A couple years ago, I lamented over the fact that a younger version of me had dedicated to romancing Ashley Williams in Mass Effects, and just to catch you up on why this was such a regrettable decision, I have a short nine word story for you if you don’t want to read the full article.
And as we approach Valentine’s Day, it’s time to approach the other in-game romantic paths I have walked down, so join me as we pivot to the great regrets in my video game romancing. Some perhaps deserving of mockery and some, just reflections about personal growth.
Everything About the Emily is Away Franchise
This one may be a little disingenuous since the point of these text-based visual novels is to explore the human condition within in the context of social media. Ultimately, all three games play out in a series of binary paths that only have so much variation and inevitable conclusions at the end of it (although variance becomes much more pronounced in Emily is Away Too and Emily is Away <3).
Emily is Away is conducted through an AIM style chat box as you converse with the titular Emily. As a child of the 90s whose first and only AIM account was made for them (shout to mikkelroxdaparty), this was immediately evocative of an older, slightly simpler time, and I tried my best to navigate the fictitious relationship. The highs, the lows, the awkward conversations, and the ultimately doomed final farewell where, even as I was breaking, my character responded coldly. In the end, all the journey ultimately resulted in a singular bitter end.
Emily is Away Too, which continued the AIM styled mechanics this time added two romantic interests, and Emily is Away <3, which took place on Facenook, featured more choice. Each play through of the game I found myself constantly struggling between being true to myself, true to the actions of the fictitious avatar I was inhabited, and perhaps mentally trying to find a different route, a better opportunity.
The games are wonderful, but emotionally draining and even knowing that there are other realities, other timelines where things work out, it’s a little scary (if not a little silly) that I’ve been nervous to return to the games. However, that type of vulnerability is something special and maybe I’ll remedy this one in the future.
When Social Links Become Social Chains
Dating’s hard, and it’s only become harder during the last couple years between all of the different dating apps and also relearning how to socialize after differing degrees of isolationism brought on a multitude of factors. Dating has always been hard largely because it’s hard to know exactly where you stand with someone. There’s no single, viewable metric that allows you to understand exactly where you stand with a person nor is there an explicit option that is presented to you that you literally have no choice but to answer in no uncertain terms to continue (more often not, the explicit option to confess in real life is less defined, more awkward, and is entirely optional).
Of course, this is why the Persona franchise is a nice break from reality. In the same way that Animal Crossing lets you experience homeownership with a stable economy, Persona lets you experience dating with clear progression and a straight explanation of when it’s time to confirm feelings and shit.
I’ve alluded to the Persona 4 Golden situation where Valentine’s Day resulted in the heart wrenching parade of watching all of the other love interests completely devastated that I wasn’t going to spend the most romantic day of the year with them This was further compounded with Rise who I had been spending time with being the last one before my “preferred” date with Chie happen and I felt terrible.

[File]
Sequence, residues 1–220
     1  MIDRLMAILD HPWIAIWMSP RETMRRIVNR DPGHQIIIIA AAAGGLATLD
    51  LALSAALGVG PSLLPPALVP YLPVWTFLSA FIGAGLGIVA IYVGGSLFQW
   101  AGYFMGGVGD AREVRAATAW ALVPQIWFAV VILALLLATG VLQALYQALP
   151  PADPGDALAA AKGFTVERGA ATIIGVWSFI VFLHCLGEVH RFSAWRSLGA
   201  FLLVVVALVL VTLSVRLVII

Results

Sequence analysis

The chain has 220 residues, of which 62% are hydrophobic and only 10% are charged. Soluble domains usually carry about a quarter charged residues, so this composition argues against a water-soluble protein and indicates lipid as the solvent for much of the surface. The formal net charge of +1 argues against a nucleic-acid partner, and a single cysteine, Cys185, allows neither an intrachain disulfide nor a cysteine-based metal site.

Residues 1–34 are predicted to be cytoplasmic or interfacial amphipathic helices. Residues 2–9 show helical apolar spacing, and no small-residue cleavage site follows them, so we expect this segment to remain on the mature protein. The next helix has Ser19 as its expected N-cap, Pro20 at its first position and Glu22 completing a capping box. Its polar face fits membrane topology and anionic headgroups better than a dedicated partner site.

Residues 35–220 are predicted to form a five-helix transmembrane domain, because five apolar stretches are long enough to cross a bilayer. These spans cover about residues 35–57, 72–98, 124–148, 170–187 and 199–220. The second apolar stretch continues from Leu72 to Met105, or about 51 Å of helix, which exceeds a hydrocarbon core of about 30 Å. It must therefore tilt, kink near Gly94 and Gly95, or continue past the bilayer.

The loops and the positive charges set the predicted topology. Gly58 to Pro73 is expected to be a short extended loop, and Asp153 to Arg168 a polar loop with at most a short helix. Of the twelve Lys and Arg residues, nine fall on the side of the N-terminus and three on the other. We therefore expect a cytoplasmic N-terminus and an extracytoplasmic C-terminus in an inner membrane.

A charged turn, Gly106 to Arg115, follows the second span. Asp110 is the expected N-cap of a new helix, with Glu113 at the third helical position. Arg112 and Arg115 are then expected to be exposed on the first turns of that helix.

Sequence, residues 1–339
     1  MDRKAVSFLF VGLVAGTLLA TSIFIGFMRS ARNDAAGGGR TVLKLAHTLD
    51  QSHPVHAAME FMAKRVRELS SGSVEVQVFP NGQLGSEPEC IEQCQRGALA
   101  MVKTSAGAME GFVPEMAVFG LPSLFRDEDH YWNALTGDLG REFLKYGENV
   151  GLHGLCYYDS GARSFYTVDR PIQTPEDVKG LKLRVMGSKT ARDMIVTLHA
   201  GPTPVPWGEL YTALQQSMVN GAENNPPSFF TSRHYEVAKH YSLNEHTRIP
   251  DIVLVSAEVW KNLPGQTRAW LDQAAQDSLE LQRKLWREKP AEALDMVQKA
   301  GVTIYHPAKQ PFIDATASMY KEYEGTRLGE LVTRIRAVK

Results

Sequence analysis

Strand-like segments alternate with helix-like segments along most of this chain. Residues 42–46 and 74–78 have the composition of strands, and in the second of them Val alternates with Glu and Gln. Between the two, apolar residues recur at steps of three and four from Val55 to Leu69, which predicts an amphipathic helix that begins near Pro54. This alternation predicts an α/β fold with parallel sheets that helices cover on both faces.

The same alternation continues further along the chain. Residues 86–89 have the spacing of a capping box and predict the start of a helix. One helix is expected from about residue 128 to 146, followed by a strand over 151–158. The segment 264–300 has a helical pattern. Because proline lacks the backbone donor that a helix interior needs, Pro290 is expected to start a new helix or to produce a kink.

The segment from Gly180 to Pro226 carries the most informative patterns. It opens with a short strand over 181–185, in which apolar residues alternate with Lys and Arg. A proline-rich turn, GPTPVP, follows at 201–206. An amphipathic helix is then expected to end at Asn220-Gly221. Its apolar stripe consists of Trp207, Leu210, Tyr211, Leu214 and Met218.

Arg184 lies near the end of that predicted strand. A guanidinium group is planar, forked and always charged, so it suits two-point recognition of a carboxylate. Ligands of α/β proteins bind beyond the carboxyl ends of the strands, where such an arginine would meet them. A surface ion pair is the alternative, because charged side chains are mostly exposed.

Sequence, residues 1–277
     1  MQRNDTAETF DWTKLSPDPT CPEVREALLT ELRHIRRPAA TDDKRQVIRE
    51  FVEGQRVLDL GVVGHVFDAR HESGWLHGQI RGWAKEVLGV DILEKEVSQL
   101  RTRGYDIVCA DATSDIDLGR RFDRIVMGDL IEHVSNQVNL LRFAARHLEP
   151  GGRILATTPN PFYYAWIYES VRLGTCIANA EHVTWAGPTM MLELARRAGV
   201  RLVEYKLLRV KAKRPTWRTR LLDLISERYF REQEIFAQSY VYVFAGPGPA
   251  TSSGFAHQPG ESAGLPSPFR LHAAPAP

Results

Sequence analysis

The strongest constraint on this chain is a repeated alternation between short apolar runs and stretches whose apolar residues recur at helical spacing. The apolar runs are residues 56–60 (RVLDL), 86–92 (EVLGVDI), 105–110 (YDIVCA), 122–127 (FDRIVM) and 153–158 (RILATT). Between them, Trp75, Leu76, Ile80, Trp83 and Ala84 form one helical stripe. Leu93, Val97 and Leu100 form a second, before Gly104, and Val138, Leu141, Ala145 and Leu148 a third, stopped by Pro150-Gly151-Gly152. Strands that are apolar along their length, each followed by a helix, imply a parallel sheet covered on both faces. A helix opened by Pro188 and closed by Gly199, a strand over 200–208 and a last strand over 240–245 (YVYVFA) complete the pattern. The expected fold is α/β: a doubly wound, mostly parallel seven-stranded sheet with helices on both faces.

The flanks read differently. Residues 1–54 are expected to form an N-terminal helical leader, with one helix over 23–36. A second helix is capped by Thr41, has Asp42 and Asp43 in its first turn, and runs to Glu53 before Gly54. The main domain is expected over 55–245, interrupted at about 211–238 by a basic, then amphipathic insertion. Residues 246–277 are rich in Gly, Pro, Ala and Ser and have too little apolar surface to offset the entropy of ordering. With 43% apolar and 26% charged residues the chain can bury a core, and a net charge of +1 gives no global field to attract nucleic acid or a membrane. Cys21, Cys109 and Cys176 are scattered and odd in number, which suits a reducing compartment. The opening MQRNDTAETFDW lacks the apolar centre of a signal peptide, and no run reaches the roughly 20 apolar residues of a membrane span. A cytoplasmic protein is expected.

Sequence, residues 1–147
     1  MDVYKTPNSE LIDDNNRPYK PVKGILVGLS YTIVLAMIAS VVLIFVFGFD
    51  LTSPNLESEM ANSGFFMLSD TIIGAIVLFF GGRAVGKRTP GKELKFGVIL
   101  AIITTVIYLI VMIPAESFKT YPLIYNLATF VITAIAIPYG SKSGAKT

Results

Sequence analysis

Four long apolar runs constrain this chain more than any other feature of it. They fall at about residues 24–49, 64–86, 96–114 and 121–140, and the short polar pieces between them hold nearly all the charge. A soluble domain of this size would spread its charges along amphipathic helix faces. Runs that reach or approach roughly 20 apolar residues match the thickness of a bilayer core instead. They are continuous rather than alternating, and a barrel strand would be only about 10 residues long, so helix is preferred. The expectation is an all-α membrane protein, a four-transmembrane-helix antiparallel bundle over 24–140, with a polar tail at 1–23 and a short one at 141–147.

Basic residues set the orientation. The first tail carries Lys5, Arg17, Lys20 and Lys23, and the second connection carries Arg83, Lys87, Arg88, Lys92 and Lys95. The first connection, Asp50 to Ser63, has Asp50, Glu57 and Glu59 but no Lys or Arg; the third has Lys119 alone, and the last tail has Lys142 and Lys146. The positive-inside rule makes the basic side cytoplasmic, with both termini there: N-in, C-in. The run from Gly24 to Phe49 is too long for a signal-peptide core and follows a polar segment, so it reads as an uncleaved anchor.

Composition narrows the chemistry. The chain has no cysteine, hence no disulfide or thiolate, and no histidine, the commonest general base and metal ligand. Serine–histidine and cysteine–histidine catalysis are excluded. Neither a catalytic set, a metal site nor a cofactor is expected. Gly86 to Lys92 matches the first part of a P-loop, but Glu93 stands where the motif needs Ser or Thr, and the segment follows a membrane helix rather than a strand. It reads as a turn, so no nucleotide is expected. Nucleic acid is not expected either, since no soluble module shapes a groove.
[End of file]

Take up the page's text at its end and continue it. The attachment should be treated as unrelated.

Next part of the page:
But that was nothing compared to the specifically designed scenario in Persona 5 Royal where all of the romance lines show up at once and beat you up.
The screenshot is self-explanatory. I will be taking further questions (yes, I really should have known better).
Romancing Anyone in Mass Effect: Andromeda
To bring all of this full circle, truly one of the more baffling decisions I’ve ever made during a game was romancing anyone at all in Mass Effect: Andromeda.
Andromeda was not a bad game. It was a bad Mass Effect game, but the core combat loop with primers and detonators was cool, some of the set pieces were memorable, and the movement was enough to keep things entertaining through the main campaign. However, the hallmark of Mass Effect franchise that we like to remember was the strong throughline writing and the bonds we formed with our crewmates.
Joker, EDI, Wrex, Grunt, Tali, Garrus, Legion, Liara, Thane, Kasumi, Mordin. So many of the characters in the original trilogy were iconic characters that Shepherd could create meaningful bonds and relationships.
Mass Effect: Andromeda though? I don’t know any of their names. I don’t even know the MCs name. All I know is that at some point, I progressed a whole loyalty mission and ended up romancing/sleeping with the Asari because that felt like the most Mass Effect thing to do, but now it’s just a vague memory and a reminder of how little the characters meant at the time. Truly a regret for the ages, a vague memory of a one-night stand.
Lovelorn in 2023
Two years have passed since the greatest shame meditation that was romancing Ashley Williams. And in the intervening time, I still find myself thinking about the regrets. Perhaps two years down the line, the romantic perspectives will have shifted, and I’ll get to talk about the great joys in video game romances. I cannot think of any at this moment and very much feel like the fact I’m still lingering on past mistakes is indicative of something, but who knows what tomorrow will bring. All I know is that younger me and slightly older younger me made decisions and I recognize them as bad ones, so that’s growth. Or something. Future me can sort it out later.